The list of recipients of the coveted Head of State Commendation this past Jamhuri day shook the hell out of me when I first saw it.

While I have never paid keen attention to the list in previous years, the 2017 list contained numerous individuals who have made little (if any) contribution toward fostering patriotism, national unity, the rule of law, democracy, human dignity, equity, social justice, inclusivity, equality, human rights, non-discrimination and protection of the rights of the marginalized.

The list stinks to the high heavens with names of government sycophants and is sufficient proof of the existence of the awful gangrene of cronyism within governmental ranks.

According to the provisions of State Commendation Act, state commendations are supposed to be awarded to persons who exceptionally work to make our country better.

I expected human rights defenders, scientists, thinkers, public intellectuals, people of outstanding integrity, exceptional teachers and civil servants among others to feature in the list. Perhaps our good doctors who risk their lives every day while working in areas of our country that are troubled by insecurity or the first responders in times of tragedy. I was expecting a list of exceptional entrepreneurs who are keen on advancing social enterprise in our country.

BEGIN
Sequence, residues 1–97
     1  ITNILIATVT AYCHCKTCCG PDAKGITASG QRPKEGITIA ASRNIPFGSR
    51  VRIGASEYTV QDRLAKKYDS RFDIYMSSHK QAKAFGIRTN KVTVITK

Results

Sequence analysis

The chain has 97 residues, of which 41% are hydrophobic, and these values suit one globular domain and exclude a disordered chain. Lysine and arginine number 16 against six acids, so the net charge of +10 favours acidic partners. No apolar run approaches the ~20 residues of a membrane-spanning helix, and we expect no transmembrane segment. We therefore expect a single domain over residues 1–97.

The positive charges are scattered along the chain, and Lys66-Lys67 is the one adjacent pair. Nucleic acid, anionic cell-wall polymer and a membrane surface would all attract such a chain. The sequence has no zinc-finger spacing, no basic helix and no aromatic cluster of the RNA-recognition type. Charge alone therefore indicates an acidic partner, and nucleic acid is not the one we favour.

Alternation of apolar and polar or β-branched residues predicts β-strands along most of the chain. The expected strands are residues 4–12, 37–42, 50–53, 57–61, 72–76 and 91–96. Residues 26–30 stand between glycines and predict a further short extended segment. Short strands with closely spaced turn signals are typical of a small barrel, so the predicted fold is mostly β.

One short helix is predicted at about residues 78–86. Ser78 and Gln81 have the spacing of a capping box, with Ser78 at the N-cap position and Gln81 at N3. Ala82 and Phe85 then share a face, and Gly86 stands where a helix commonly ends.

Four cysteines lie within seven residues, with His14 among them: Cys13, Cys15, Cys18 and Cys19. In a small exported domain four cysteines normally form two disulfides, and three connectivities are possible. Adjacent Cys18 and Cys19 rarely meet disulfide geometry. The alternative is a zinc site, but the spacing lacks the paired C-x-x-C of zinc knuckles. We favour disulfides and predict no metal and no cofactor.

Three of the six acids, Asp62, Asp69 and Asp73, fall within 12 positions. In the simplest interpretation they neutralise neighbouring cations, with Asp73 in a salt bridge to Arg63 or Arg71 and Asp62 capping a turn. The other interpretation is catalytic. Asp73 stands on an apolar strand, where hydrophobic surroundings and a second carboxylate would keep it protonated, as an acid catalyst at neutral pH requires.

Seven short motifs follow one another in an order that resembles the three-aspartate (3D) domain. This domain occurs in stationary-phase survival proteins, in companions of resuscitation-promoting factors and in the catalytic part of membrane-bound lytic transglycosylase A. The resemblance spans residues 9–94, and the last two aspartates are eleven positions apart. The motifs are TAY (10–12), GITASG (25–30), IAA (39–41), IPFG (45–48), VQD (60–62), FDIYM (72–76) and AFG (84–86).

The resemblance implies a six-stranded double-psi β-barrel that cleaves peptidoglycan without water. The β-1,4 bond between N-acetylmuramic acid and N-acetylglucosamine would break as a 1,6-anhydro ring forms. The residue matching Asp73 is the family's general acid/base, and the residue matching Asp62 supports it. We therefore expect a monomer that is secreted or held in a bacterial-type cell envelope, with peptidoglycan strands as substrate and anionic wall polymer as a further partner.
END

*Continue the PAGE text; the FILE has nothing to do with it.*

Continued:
Or perhaps public intellectuals who are resources of sound information and who challenge Kenyans to rise up and think better. But no! The list is replete with the likes of Dennis Itumbi, Pauline Njoroge and Robert Alai, well known online terrorists who have mastered the art of misinformation.

This unfortunate list of state commendation recipients exposes what really matters in this country. Apparently cherishing the truth or applying one’s God-given brain to provide solutions is of no consequence at all in Kenya. What we are communicating to young people is that in this country, one can only be recognized when one is in the ruling party’s good books. It doesn’t even matter what you do. You can kill, maim, rape, terrorize and spread falsehoods and still be awarded a head of state commendation because after all, it is not what you do to make the world a better place that counts but what you do to serve the sectarian interests of the ruling regime. I, ladies and gentlemen, have a problem with that.

Our country is battling serious challenges. Just recently, we suffered a disastrous period of drought. Lives were lost, animals died and communities suffered. Instead of rewarding those community leaders, innovators and people who are on the frontline of innovation aimed at mitigating the adverse effects of climate change, we chose to award those who called our chief justice and the judiciary “wakora”.

We awarded people who have published falsehoods about other people for selfish reasons. We are awarding online Nazis who have ruined marriages, destroyed people’s self-esteem and turned Kenya’s online space into a toxic wasteland. We applauded people who repeatedly put the truth to death and spread deceit without batting an eyelid.